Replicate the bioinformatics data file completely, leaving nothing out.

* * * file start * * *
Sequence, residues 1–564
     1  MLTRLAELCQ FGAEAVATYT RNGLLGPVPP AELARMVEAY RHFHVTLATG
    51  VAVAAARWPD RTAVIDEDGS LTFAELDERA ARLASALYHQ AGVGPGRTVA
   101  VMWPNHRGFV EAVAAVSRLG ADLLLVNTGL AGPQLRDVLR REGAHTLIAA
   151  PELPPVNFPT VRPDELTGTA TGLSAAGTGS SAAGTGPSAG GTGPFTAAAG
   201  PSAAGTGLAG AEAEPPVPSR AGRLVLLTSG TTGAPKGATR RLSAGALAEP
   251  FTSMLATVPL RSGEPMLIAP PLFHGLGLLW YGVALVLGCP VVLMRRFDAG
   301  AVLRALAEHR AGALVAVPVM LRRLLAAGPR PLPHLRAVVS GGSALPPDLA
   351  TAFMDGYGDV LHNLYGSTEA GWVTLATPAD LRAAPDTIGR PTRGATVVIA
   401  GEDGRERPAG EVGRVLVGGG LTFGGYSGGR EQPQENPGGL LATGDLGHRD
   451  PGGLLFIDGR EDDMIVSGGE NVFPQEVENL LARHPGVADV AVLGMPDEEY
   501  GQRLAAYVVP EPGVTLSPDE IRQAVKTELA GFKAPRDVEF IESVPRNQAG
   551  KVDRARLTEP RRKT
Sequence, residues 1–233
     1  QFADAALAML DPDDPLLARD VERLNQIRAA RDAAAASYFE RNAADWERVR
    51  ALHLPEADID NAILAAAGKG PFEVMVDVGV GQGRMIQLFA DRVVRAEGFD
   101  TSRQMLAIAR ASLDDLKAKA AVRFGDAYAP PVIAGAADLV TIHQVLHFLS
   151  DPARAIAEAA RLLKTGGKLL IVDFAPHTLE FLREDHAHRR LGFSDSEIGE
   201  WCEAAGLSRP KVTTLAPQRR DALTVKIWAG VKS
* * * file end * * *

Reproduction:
Sequence, residues 1–564
     1  MLTRLAELCQ FGAEAVATYT RNGLLGPVPP AELARMVEAY RHFHVTLATG
    51  VAVAAARWPD RTAVIDEDGS LTFAELDERA ARLASALYHQ AGVGPGRTVA
   101  VMWPNHRGFV EAVAAVSRLG ADLLLVNTGL AGPQLRDVLR REGAHTLIAA
   151  PELPPVNFPT VRPDELTGTA TGLSAAGTGS SAAGTGPSAG GTGPFTAAAG
   201  PSAAGTGLAG AEAEPPVPSR AGRLVLLTSG TTGAPKGATR RLSAGALAEP
   251  FTSMLATVPL RSGEPMLIAP PLFHGLGLLW YGVALVLGCP VVLMRRFDAG
   301  AVLRALAEHR AGALVAVPVM LRRLLAAGPR PLPHLRAVVS GGSALPPDLA
   351  TAFMDGYGDV LHNLYGSTEA GWVTLATPAD LRAAPDTIGR PTRGATVVIA
   401  GEDGRERPAG EVGRVLVGGG LTFGGYSGGR EQPQENPGGL LATGDLGHRD
   451  PGGLLFIDGR EDDMIVSGGE NVFPQEVENL LARHPGVADV AVLGMPDEEY
   501  GQRLAAYVVP EPGVTLSPDE IRQAVKTELA GFKAPRDVEF IESVPRNQAG
   551  KVDRARLTEP RRKT
Sequence, residues 1–233
     1  QFADAALAML DPDDPLLARD VERLNQIRAA RDAAAASYFE RNAADWERVR
    51  ALHLPEADID NAILAAAGKG PFEVMVDVGV GQGRMIQLFA DRVVRAEGFD
   101  TSRQMLAIAR ASLDDLKAKA AVRFGDAYAP PVIAGAADLV TIHQVLHFLS
   151  DPARAIAEAA RLLKTGGKLL IVDFAPHTLE FLREDHAHRR LGFSDSEIGE
   201  WCEAAGLSRP KVTTLAPQRR DALTVKIWAG VKS